The College of Applied Science & Technology, along with Illinois State University is proud to host Charlie Miller on April 12, 2016, as our keynote speaker.
Science and Technology Week celebrates advancements in the field of science and technology, as well as the hardworking, dedicated students and professionals who make those advancements possible. Past keynote speakers include:
Tim Gunn - television host and Chief Creative Officer at Liz Claiborne Inc.
Charlie Trotter - chef
Bill Nye - science guy
Brian Greene - theoretical physicist
Professional Development Dinner - Monday, April 11, 5:00 p.m., Prairie Room, Bone Student Center
Keynote Speaker - Charlie Miller - Tuesday, April 12, 7:00 p.m., Prairie Room, Bone Student Center
Neon at Night 5K Fun Run - Wednesday, April 13, 8:00 p.m., Student Fitness Center
Women in Leadership - Thursday, April 14, 9:00 a.m., Hancock Stadium Club Room
Academy of Achievement - Friday, April 15, 8:30 a.m., Hancock Stadium Club Room
The Cinderella of Psychology - Friday, April 15, 2:00 p.m., DeGarmo 551
Attend this event to learn formal dining skills and conversational practices for interview and work settings, while meeting College of Applied Science and Technology alumni.
Dr. Charlie Miller is "one of the most technically proficient hackers on Earth", according to Foreign Policy. After receiving his PhD in Mathematics from the University of Notre Dame, Dr. Miller was a computer hacker for the National Security Agency for five years.
Since that time he has been a consultant and worked for the Twitter information security team. He has won the "Super Bowl" of computer hacking, the annual Pwn2Own competition four times. Dr. Miller has found countless vulnerabilities in a number of Apple products including their laptops and phones. Perhaps the most notorious of these issues was the ability to remotely compromise an iPhone by merely sending it a malicious text message. He also has the privilege of having been the first to remotely exploit the iPhone when it was released as well as the first Android phone when it was released (on the day it came out). After that, he began focusing on embedded security and has done research in the fields of laptop battery security as well as near field communications (NFC) of cellular phones. Lately, Dr. Miller has spent considerable time in the field of automotive security along with his research partner Chris Valasek. Originally he showed that with direct access to a vehicle, the physical systems of a Ford and Toyota could be controlled by an attacker. Recently, he expanded this research to show that these attacks could be done remotely. Dr. Miller demonstrated that a variety of Fiat Chrysler vehicles could be remotely hacked from anywhere in the county and he could control the radio, brakes, wipers, transmission, and even the steering of the target vehicle. The demonstration of these vulnerabilities led to the recall of 1.4 million vehicles. Dr. Miller has been featured on the Today Show, ABC World News Tonight, CNN, NPR, CNBC, New York Times, USA Today, Forbes, etc.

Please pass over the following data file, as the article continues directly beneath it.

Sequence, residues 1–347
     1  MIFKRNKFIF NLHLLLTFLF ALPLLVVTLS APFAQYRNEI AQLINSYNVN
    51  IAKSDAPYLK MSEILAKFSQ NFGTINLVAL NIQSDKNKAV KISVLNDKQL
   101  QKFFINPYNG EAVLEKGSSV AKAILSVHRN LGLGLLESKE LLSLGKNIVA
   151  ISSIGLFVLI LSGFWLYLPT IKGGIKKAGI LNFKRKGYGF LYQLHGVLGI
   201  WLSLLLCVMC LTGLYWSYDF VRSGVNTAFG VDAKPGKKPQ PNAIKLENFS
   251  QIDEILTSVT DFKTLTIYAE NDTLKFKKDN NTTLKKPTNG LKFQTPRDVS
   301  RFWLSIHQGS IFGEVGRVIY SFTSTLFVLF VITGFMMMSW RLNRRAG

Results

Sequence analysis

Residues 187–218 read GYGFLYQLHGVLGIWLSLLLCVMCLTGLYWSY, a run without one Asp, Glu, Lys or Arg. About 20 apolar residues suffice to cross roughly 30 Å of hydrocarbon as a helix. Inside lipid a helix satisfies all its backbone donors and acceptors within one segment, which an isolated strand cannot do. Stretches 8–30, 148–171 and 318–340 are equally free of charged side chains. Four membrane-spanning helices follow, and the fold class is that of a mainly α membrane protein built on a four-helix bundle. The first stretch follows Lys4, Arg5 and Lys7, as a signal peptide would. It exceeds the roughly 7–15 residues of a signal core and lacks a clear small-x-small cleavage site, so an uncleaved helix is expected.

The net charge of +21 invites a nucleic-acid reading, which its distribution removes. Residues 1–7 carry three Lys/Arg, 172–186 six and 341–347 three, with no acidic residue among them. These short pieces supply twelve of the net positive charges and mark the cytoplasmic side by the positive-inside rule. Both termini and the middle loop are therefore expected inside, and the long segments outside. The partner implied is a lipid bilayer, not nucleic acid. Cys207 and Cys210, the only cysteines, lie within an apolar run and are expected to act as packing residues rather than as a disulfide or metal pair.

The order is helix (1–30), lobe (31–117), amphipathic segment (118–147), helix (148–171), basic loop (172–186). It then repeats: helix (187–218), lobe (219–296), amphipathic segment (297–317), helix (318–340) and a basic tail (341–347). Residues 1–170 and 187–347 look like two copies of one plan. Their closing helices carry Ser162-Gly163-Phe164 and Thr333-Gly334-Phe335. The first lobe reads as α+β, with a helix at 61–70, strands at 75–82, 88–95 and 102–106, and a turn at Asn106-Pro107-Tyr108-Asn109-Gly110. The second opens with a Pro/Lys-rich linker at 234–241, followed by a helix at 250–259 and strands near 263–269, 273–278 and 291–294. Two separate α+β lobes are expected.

Enjoy a 5K run through Illinois State's campus at night. This event is co-sponsored by CAST and Campus Recreation.
Spend the morning meeting CAST alumni and learning tools for women to succeed in the workplace.
Celebrate CAST alumni during their induction to the Academy of Achievement. The Academy brings together alumni that are "thought leaders" in their fields, who, through their life work, serve as an inspiration to others to pursue similar career paths.
Dr. David A. Rosenbaum, Distinguished Professor of Psychology Pennsylvania State University
If you come to this talk, it will be a miracle! You'll surprise yourself by going to a presentation on what sounds like the most boring topic ever: How you control simple motor acts like reaching for objects and walking through rooms. If you come to the talk, it will be a miracle in another way as well: What you'll do to arrive at the lecture room, make your way to your seat, take off your coat, and sit down is something that no existing robot can do and probably won't be able to do for a long time to come. Why has the study of motor control been a kind of Cinderella in psychology? You'll hear about this, some things my colleagues and I have discovered in our attempt to marry motor control and (cognitive) psychology, and possibly leave with a fresh appreciation of the enormous intelligence that you and others bring to bear in even the simplest tasks.
This event is sponsored by the Harold K. Sage Foundation and the Illinois State University Foundation Fund, as well as the Department of Psychology, School of Kinesiology and Recreation, Institute for Prospective Cognition, and the College of Arts and Sciences.
Contact Kara Pool Snyder at kepool@IllinoisState.edu with any questions or requests for accommodations.